Original frames for the new casements

Once I was on the project I realized that there was a great deal of research that had been done previously.  I asked the project manager for copies of this material.  Once I received it I noticed that the researcher had labeled some of the documents with the name "Harrington Era".  My "maiden" name is Harrington and I did know that some of my relations did settle and live in the area that Fort Yamhill resides in.  I was more than a bit intrigued.
After searching through my genealogy records and looking at census records on ancestry.com I found out that my great, great uncle Edward Harrington purchased the remaining Fort Yamhill officer's quarters building in the early 1900s.  He was responsible for the drastic remodel that altered the gable roof to the gambrel one you see below (Edward is seen along side his new modern marvel).
Let me tell you it was strange being in the house knowing that my ancestors once inhabited it.

Edward Harrington's house

The bay that I was working in can be seen behind his right shoulder.  The two photos below show how the replicated sash look in the bay.



 This project has a lot of controversy surrounding it and the project has taught me a lot about different historic preservation theory and methodology.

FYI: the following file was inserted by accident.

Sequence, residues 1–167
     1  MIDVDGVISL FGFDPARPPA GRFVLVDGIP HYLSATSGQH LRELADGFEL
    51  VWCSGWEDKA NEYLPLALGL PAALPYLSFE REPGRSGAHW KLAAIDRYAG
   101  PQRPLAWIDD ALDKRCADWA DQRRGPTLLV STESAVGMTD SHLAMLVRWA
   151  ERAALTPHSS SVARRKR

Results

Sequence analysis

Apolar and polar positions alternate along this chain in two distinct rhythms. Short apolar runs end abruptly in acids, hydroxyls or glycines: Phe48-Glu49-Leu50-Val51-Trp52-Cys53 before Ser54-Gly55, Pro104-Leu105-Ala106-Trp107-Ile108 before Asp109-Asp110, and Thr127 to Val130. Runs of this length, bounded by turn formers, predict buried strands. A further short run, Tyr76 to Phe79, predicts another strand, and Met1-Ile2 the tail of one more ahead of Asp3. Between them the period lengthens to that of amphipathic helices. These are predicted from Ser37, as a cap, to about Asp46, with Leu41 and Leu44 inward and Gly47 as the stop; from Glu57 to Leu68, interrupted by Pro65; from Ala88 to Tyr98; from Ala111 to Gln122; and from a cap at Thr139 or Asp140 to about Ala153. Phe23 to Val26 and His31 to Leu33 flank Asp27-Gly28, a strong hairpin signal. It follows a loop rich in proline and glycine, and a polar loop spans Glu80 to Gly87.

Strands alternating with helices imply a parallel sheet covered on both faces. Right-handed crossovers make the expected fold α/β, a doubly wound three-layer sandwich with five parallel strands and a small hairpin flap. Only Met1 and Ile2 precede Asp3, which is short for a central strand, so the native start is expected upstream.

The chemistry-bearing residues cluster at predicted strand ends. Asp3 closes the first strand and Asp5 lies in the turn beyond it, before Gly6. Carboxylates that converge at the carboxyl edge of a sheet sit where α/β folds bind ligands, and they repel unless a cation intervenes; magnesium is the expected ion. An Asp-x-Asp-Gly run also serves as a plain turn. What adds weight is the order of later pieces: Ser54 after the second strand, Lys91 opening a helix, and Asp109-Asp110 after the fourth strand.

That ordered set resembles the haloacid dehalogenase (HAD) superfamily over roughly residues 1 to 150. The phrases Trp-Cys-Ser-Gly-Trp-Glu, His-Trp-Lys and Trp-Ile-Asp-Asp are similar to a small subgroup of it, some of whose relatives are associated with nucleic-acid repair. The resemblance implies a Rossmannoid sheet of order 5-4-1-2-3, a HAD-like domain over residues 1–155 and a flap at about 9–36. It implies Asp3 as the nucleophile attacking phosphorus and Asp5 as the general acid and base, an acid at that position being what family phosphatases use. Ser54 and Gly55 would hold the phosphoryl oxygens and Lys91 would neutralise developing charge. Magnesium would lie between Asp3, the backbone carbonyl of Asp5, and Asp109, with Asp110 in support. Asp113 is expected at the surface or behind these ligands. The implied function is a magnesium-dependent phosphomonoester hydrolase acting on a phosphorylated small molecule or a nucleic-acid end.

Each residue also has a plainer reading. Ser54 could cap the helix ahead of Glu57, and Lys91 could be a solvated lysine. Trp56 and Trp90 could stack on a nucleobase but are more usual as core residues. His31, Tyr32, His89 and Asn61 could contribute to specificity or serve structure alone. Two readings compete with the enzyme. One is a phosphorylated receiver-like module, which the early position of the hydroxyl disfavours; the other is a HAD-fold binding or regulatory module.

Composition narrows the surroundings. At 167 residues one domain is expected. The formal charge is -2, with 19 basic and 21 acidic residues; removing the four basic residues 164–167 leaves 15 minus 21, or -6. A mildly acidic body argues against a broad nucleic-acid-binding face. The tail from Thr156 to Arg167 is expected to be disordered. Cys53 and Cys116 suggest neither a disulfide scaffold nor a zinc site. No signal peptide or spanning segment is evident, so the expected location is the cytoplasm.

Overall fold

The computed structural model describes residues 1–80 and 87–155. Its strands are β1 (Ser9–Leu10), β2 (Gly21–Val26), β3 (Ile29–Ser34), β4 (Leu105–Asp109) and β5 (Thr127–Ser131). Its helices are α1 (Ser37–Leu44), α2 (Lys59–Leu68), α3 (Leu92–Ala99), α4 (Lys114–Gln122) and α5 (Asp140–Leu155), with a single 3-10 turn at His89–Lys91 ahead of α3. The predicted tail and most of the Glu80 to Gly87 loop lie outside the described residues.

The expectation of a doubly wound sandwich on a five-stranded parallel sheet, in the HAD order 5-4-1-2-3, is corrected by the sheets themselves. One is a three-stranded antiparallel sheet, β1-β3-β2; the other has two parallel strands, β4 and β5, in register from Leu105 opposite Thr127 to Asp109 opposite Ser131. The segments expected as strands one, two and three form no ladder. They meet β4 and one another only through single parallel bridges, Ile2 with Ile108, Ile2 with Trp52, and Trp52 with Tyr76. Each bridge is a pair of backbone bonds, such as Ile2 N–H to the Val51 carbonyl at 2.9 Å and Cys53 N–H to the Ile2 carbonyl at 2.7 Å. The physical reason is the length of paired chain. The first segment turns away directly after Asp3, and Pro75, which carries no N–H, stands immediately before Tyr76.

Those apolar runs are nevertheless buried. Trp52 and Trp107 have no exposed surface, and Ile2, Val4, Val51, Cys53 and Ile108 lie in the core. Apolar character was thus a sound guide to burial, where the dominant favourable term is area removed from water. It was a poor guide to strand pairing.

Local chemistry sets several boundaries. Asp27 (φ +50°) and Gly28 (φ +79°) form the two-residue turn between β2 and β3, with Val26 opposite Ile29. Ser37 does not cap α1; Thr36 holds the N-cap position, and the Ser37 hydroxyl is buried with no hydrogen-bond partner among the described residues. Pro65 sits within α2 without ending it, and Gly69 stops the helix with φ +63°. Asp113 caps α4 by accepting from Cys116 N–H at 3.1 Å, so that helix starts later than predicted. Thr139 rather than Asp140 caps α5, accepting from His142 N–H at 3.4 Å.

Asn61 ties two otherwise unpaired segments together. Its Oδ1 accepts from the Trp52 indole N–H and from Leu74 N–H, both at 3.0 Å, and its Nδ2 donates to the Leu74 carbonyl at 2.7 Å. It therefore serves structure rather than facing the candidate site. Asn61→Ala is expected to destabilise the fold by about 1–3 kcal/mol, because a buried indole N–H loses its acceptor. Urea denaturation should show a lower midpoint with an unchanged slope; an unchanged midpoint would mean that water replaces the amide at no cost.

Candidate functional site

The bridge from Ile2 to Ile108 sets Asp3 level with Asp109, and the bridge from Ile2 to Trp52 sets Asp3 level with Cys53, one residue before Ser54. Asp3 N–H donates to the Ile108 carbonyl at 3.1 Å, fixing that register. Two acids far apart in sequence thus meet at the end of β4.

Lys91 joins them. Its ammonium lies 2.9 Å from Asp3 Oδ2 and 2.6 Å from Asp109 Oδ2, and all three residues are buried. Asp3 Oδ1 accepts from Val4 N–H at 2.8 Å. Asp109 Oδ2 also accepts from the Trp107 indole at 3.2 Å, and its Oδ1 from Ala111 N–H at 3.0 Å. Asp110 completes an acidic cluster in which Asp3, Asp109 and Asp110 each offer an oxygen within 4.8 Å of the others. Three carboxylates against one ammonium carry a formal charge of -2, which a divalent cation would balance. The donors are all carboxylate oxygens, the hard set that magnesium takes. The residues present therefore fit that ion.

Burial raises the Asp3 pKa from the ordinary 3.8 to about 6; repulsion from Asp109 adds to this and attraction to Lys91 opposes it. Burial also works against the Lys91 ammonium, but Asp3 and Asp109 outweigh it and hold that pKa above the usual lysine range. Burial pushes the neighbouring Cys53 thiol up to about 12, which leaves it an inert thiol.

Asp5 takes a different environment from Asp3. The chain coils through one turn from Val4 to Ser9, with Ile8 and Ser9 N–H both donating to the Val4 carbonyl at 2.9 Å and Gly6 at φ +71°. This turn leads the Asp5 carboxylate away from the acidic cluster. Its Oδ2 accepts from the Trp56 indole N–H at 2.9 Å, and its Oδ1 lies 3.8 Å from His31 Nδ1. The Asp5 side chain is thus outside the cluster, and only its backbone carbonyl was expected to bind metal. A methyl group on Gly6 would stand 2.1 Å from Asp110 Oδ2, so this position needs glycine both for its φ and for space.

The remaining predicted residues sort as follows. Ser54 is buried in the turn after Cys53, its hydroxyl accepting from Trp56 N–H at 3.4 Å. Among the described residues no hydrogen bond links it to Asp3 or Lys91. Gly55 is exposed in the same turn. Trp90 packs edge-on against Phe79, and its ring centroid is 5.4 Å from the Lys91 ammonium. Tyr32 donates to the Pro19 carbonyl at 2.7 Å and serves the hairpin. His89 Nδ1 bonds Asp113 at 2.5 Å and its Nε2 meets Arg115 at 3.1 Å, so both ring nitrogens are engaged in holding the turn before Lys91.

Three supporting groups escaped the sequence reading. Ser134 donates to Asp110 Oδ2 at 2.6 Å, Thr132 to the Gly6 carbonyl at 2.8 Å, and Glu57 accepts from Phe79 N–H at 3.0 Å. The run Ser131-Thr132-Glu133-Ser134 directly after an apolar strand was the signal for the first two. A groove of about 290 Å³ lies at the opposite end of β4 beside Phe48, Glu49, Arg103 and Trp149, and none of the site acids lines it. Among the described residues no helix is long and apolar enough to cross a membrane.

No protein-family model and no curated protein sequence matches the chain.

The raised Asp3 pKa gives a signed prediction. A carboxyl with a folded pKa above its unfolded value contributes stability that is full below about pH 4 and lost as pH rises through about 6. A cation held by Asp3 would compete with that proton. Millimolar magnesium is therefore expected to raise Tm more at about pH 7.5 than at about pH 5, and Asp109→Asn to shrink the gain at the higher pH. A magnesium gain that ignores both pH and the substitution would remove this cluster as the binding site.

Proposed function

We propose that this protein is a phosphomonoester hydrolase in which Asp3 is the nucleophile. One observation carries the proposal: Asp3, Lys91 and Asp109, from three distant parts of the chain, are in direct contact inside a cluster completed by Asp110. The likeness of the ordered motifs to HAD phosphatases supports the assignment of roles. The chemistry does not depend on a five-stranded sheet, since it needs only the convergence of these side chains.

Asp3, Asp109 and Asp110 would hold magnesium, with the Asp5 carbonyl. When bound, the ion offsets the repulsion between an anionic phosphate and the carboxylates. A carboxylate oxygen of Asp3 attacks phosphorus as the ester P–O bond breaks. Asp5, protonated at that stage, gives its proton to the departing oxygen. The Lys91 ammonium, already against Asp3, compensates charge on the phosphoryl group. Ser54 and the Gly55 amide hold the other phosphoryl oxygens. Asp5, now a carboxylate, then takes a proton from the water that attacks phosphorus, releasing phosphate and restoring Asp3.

Monday, October 3, 2011

Yaquina Done

After 4 weeks of waiting for material, and 8 weeks of assembly Yaquina Head Lighthouse had itself a new door and jamb.  Now to install it.  

Completed door

Exterior of new door

Installation was fairly basic.  After the door was installed I got to work on the arched transom above the entry.  

Interior of new door

Some interesting pictures of the interior staircase up to the lens.

Yaquina Head Lighthouse

Here is one of my projects from earlier in the year.  

Yaquina Head Lighthouse, 
South Elevation

I was contracted by the BLM to provide a new front door for Yaquina Head Lighthouse, not to be confused with Yaquina Bay Lighthouse.  The BLM wanted a new door to match the original that had long since disappeared.  They had one drawing of what the door looked like and I had some old photos provided to me by one of my Preservation Field School students.  Her family was one of the Lighthouse Keepers back in the late 1800s.  The Lighthouse was built in 1872.